There won't be much for investors to cheer on Christmas eve, with little in the way of news to halt the recent slide for U.S. stocks.
U.S. stock futures were lower ahead of the open, following a broad decline in stocks Friday due to the gridlock in Washington talks aimed at avoiding the fiscal cliff.
Expect low trading volumes on Monday with markets in the U.S. closing at 1 p.m. for the holiday, which could cause some volatility.
President Obama spoke about fiscal cliff negotiations Friday evening, before leaving for the holiday, urging a scaled back deal that would stop taxes from rising on 98% of Americans -- something both sides say they want.
But there is likely to be little progress on a deal Monday, with members of Congress at home for the Christmas holiday.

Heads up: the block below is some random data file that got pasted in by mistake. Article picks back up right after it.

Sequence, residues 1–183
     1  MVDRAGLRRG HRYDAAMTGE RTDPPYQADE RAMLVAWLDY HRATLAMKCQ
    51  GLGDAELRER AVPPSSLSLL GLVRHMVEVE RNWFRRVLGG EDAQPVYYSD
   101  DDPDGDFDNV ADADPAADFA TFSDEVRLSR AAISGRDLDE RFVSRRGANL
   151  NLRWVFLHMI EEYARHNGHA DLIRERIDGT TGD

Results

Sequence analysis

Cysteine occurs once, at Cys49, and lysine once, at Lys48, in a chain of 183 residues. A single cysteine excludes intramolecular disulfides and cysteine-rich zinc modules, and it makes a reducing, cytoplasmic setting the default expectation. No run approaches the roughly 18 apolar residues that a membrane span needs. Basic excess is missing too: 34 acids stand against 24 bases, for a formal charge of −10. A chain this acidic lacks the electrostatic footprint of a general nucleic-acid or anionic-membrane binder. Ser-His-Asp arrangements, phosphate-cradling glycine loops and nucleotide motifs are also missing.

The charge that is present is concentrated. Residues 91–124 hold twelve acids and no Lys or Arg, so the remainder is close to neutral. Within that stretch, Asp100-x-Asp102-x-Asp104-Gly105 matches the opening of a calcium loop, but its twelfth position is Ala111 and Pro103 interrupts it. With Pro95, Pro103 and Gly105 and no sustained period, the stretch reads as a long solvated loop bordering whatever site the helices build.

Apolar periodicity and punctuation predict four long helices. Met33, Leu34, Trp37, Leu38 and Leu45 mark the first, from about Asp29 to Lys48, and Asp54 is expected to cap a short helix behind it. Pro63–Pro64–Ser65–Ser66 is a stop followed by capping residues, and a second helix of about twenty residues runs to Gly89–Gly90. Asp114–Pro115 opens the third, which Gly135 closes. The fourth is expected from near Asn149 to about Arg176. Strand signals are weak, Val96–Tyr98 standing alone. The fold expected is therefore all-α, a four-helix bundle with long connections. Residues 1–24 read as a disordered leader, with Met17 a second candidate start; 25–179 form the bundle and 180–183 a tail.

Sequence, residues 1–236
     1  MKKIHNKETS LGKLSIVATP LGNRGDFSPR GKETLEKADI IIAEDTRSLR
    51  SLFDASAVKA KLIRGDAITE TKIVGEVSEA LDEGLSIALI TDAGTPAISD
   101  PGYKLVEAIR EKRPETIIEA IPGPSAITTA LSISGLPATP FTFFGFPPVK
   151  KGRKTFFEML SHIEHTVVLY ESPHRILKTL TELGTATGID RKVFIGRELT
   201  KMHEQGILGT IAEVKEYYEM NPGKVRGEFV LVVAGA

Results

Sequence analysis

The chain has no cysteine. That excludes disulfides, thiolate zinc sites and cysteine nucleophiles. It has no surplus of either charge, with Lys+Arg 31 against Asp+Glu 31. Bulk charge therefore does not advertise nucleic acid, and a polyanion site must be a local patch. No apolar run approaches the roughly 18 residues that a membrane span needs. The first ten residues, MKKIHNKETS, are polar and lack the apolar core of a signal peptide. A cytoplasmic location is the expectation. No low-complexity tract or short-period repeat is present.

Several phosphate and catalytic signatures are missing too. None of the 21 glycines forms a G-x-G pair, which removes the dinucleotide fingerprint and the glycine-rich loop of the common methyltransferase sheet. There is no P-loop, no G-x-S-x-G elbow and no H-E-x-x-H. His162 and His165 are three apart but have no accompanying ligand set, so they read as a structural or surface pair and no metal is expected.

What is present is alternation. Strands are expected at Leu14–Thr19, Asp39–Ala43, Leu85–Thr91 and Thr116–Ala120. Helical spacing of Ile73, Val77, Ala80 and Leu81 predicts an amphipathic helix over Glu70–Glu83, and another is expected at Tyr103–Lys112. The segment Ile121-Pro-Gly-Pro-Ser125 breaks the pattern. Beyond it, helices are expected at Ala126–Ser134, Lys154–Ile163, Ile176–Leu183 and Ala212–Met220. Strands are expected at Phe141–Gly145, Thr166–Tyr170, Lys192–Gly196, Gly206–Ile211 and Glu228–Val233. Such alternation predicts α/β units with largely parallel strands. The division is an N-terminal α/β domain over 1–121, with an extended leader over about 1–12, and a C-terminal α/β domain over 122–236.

Most federal offices and many businesses were closed on Monday. So there is nothing in the way of economic reports or corporate news scheduled for release.
European markets were steady in a shortened trading session, with markets in Germany closed. Italy's Mario Monti said at the weekend he may consider a second term as prime minister if asked by parties committed to the economic reforms he began over the past 12 months.
Asian markets ended slightly higher, while markets in Japan were closed.